Enhancing The Visitor Experience
These visitor experiences support the overarching goal of the city to build a regional recreational draw. The park appeals to a myriad of users, capturing the atmosphere of elite Olympic athleticism and integrating the new facility into the architectural backdrop of the existing Boathouse development.

The physical environment celebrates the water in accommodating the competitive nature of training, coaching, and event-day needs. From the moment a visitor arrives, the journey is supported by framed moments ofactivity and repose, with clear signage to orient and educate. An exterior walkway loops around the entire waterpark and soft-surface trails provide circulation on the islands.

Where other whitewater venues lean toward a more natural streambed layout, this facility integrates into the geometric architectural environment of the Boathouse District with modern clean lines, elements, and features. As an Olympic training center, this facility complements the stature of the international games, with overtones ofexceptionalism and elite athleticism.

The islands between the whitewater channels provide viewing and recreational experiences for visitors to watch a competition within the channels or along the adjacent Oklahoma River. Landscape features strengthen the sleek linear geometry with long formal bands of shade trees and diverse riparian plantings that recall Oklahoma’s lush natural waterways. The angular forms seamlessly tie the site to the architecture. Inspired by the dynamic forms of canoes and kayaks as they move through the water, the patterns in the site create a feel of speed and excitement. With rising construction costs, the material choices were also beneficial to the bottom line, with simple and intentionally light industrial-styled elements that met multiple design, construction, and maintenance goals.

Meeting Competitive And Olympic Requirements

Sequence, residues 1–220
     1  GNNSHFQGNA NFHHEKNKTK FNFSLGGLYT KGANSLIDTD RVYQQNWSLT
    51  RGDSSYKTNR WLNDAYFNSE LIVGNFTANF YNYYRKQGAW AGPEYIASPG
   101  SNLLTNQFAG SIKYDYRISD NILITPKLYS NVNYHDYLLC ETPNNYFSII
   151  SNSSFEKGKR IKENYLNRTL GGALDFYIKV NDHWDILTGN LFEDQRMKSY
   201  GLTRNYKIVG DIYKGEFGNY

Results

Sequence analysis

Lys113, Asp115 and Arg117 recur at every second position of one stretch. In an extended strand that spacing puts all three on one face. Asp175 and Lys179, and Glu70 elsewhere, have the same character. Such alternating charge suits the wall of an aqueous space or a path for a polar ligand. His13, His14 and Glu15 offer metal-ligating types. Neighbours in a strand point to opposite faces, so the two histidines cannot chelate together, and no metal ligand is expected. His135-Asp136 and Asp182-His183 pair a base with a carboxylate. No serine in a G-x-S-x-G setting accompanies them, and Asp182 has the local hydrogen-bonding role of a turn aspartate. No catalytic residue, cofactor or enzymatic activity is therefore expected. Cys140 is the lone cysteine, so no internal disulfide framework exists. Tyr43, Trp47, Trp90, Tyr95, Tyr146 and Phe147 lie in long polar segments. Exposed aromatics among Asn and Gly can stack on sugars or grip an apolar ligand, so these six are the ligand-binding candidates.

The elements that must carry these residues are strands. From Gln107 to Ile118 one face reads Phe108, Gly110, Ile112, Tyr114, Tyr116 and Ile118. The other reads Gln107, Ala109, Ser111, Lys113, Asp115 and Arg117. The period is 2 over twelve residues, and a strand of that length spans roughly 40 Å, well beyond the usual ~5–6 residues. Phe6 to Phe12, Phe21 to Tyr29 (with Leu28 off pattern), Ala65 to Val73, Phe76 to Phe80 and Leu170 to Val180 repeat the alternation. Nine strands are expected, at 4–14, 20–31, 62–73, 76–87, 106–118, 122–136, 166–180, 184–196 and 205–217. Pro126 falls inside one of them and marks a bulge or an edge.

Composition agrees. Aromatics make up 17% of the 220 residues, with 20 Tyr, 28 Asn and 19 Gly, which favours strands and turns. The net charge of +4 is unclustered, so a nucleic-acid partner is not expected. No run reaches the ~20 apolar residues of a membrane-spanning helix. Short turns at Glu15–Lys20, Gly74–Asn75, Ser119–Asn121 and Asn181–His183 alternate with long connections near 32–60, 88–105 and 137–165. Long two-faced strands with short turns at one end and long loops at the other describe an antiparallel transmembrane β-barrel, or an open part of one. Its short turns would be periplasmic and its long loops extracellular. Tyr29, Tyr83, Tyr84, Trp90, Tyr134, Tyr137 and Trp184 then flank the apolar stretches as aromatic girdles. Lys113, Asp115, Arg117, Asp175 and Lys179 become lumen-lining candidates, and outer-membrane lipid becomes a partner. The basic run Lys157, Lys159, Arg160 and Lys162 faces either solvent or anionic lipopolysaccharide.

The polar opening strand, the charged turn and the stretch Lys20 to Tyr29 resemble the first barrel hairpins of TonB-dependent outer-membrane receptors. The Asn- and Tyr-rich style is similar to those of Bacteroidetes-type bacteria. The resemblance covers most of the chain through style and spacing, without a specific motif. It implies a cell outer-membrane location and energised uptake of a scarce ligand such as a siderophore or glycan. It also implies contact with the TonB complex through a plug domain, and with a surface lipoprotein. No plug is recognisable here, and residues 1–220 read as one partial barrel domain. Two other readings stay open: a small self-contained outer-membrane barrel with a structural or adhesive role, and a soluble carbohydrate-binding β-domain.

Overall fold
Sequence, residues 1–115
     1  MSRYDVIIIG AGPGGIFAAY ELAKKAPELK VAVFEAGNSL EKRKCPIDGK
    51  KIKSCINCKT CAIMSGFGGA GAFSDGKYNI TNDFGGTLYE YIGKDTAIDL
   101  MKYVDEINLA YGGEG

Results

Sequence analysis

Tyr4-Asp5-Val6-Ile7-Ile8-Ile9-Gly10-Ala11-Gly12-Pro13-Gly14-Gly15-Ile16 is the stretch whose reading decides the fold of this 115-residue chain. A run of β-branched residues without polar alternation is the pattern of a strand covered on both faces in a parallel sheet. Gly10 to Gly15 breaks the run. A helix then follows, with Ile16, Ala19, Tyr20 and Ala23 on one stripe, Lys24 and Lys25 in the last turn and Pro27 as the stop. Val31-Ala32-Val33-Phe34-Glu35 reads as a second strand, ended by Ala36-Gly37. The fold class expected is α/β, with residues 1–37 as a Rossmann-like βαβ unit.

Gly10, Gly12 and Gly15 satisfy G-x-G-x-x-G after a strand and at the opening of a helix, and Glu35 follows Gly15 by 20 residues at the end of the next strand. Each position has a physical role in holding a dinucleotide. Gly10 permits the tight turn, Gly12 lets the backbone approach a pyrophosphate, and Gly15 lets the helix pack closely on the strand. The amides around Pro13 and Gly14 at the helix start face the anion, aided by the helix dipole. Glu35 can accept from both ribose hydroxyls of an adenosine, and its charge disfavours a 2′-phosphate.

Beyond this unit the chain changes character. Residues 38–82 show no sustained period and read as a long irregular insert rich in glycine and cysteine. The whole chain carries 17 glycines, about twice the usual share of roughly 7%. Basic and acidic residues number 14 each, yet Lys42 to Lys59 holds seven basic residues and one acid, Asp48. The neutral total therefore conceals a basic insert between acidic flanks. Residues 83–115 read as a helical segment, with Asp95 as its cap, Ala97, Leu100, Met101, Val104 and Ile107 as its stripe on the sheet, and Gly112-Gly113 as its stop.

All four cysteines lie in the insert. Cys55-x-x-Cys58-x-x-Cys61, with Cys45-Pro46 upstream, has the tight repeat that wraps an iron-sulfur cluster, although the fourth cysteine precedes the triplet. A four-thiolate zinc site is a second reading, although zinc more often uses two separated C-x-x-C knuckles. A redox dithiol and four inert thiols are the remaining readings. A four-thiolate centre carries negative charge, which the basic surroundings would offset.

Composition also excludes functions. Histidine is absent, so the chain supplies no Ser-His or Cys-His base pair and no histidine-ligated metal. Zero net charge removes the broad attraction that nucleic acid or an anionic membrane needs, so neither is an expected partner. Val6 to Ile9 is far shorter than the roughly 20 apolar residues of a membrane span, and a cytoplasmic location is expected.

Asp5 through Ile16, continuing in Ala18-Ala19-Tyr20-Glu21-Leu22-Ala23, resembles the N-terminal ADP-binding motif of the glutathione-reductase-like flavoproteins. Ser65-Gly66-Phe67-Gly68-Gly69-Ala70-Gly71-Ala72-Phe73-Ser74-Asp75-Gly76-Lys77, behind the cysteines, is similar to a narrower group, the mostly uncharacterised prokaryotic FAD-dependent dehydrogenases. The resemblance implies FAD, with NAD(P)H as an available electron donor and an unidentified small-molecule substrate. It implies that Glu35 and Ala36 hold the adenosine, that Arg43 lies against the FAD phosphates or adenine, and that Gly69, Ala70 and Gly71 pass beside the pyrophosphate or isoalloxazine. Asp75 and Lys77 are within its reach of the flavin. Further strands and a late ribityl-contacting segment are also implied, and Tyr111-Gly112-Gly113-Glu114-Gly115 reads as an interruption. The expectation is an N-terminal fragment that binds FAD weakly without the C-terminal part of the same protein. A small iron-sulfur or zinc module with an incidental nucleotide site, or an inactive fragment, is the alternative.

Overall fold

The design team was charged with meeting the International Olympic Committee’s exacting requirements for facilities that host competitive events, as well as giving consideration to other organizations’ training requirements, whether for collegiate or high school athletes. One such challenge was in the foot bridge crossing the water channels and leading to the islands. Training coaches had to be able to walk under the bridge so they could continuously go along the edge of the channel to coach athletes as they paddled through. Thus, the bridge was designed to accommodate the needed height, but included a switchback to minimize the height and mass of the bridge.

In most projects, technical issues can be addressed by applying well-thought out technical solutions. However, in the parks and recreation business, visitor traffic is crucial to a project’s success and an exceptional and engaging experience. This state-of-the-art aquatic park facility does just that, offering recreational, healthy, and competitive activities to its citizens and visitors in an unequalled setting. This park offers a range of physical activities, event hosting, and spectator opportunities that adds to the growing list of amenities in downtown Oklahoma City that takes everyone into the action.

Ann Christensen is a Managing Principal for DHM Design in Denver, Colo. Reach her at achristensen@dhmdesign.com.

Katie Feeney is a Senior Associate for DHM Design. Reach her at kfeeney@dhmdesign.com.